The South African Garden in Fall
While South African plants are in pretty much every garden on the property, there is a special garden reserved for South African plants (and occasional interlopers from elsewhere) in the fenced back gardens area. Here grow many species of plants grown from seeds from South Africa, either collected by myself or from other sources like Panayoti's earlier SA seed hunting expeditions or Silverhill Seeds. Matt Prinsloo of Bulbomads is another good source and there are some things coming along from him that will mature next year in the South African garden and in other gardens as time goes on.
Our spring was normal in 2022 more or less, but after June the rains just stopped until September with one or two exceptions. Thus it was an unusually dry summer so I had to hand water frequently with the hoses I have. There were days I watered from morning till evening to soak the parched soil so I wouldnt actually lose some plants. Fortunately most of the South African species can take drought and some do better with it than with too much rain. Still I prioritized making sure that certain species got generous waterings such as Hesperantha coccinea, since I know it grows in and along streams from what I saw when I was last in South Africa before covid hit and our world changed.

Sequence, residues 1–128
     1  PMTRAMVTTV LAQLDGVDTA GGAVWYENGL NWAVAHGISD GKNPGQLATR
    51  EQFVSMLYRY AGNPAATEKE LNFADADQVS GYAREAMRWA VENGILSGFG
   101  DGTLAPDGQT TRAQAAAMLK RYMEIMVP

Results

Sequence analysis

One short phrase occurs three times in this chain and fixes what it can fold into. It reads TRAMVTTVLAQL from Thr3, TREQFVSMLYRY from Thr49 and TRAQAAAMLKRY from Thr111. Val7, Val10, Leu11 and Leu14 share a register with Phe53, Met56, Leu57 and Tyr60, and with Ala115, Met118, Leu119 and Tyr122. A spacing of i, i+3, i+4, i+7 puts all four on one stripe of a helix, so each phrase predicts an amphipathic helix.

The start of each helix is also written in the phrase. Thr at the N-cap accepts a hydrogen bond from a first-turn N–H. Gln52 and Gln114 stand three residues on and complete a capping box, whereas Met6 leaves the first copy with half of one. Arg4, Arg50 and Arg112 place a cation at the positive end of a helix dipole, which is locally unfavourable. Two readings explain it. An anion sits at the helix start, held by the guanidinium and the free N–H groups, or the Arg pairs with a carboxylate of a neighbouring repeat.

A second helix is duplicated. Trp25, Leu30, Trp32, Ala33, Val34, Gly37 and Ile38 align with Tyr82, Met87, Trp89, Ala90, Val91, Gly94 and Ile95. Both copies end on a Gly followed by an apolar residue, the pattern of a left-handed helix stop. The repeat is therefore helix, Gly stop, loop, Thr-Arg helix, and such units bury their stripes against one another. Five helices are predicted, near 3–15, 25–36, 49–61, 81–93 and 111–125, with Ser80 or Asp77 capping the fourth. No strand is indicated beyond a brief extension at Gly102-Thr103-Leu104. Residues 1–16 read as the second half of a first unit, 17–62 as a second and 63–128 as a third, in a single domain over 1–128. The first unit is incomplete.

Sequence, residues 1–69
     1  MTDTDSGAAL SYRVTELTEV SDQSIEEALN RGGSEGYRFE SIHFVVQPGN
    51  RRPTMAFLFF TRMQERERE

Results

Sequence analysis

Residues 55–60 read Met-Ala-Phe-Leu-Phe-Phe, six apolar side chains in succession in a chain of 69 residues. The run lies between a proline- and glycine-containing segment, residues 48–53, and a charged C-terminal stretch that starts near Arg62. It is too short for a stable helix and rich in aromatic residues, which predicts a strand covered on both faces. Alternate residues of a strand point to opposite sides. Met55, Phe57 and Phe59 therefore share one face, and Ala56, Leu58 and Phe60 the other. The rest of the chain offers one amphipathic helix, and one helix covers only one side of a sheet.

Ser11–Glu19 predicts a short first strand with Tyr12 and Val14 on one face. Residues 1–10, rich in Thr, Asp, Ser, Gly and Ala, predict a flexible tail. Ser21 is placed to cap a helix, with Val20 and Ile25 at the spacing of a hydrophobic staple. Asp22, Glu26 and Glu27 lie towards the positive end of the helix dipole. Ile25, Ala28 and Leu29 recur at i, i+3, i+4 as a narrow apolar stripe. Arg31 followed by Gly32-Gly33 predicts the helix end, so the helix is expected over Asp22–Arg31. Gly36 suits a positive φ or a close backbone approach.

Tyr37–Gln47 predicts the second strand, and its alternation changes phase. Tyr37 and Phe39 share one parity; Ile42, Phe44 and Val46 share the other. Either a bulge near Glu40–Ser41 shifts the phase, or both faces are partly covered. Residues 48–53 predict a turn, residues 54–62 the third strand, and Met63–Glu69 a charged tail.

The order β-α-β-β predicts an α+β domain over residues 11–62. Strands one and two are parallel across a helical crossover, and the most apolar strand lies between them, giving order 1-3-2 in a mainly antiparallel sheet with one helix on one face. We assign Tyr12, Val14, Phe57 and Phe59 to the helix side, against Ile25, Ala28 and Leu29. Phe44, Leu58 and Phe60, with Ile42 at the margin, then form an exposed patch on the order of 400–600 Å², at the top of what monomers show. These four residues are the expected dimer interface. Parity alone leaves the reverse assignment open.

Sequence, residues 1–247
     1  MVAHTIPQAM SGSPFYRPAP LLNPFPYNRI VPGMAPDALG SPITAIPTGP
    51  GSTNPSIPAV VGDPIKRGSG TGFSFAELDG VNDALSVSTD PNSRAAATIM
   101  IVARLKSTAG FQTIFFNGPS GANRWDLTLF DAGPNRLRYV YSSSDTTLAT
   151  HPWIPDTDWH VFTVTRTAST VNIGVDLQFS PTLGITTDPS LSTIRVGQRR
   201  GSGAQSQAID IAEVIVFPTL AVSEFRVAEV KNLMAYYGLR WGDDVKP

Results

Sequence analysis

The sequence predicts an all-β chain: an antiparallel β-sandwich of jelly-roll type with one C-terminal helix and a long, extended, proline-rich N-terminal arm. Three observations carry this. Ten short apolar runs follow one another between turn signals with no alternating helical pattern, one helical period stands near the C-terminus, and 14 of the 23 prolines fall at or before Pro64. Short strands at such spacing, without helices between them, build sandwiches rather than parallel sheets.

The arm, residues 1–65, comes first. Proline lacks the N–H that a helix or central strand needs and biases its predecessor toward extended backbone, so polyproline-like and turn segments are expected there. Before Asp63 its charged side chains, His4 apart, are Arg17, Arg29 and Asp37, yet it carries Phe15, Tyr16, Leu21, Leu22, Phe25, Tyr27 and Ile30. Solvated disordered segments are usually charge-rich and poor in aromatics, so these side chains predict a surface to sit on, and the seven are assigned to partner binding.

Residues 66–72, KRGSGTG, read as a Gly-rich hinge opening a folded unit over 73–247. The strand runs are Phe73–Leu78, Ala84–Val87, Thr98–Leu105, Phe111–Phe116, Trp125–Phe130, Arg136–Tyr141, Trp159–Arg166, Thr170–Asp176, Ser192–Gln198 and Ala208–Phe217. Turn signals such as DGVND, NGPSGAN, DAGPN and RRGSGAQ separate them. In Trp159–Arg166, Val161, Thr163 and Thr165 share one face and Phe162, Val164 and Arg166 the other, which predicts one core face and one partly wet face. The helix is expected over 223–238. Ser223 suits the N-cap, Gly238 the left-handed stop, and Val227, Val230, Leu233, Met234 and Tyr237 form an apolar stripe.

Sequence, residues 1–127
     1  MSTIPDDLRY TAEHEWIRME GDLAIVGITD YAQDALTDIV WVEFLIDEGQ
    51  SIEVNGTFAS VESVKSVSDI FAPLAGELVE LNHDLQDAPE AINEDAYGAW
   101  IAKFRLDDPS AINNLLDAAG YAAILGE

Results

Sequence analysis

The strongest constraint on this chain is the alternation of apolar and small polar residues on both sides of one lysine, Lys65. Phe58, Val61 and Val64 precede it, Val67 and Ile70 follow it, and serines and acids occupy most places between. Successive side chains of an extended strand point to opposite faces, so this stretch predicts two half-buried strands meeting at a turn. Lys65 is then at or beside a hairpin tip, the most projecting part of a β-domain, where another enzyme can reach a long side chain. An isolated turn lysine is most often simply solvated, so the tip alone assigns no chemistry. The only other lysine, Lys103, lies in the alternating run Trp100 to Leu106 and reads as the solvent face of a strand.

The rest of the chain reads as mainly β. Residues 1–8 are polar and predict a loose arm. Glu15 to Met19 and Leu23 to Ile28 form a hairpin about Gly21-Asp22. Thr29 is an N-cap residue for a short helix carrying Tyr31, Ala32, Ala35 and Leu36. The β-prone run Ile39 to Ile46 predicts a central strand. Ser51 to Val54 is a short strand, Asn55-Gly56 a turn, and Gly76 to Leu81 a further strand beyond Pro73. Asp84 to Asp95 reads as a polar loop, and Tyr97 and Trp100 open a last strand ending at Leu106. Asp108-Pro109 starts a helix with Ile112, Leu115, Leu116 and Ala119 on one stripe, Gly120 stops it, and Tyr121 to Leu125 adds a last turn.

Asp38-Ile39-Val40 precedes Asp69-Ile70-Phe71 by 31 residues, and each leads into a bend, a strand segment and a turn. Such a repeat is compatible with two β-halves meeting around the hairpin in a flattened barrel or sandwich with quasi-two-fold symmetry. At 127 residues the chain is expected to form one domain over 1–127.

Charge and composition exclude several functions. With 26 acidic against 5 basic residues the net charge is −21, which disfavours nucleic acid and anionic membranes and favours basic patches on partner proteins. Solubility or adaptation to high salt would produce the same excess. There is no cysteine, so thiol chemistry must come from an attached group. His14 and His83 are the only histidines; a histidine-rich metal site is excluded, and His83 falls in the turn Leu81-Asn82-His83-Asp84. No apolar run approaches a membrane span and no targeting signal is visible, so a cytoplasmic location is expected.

Speaking of hesperantha, it comes in pinks, reds and whites and while it wasnt their best year for me, we did get some nice autumn flowers from them. They begin to flower in September and keep going until frost gets severe enough to knock them back. I protect the corm/rhizomes with a wood chip mulch and that allows them to come through even cold winters. Voles may thin them out at times, they are one rodent pest that I have a hard time keeping in check when they do appear.
|Hesperantha coccinea, a pink cultivar|
Gladiolus "Lucky Star" has been hardy here so far and one bloomed later than usual. I havent gotten it to set seed yet but if it could it would make for some interesting new hybrids as it itself is an unusual gladiolus cross.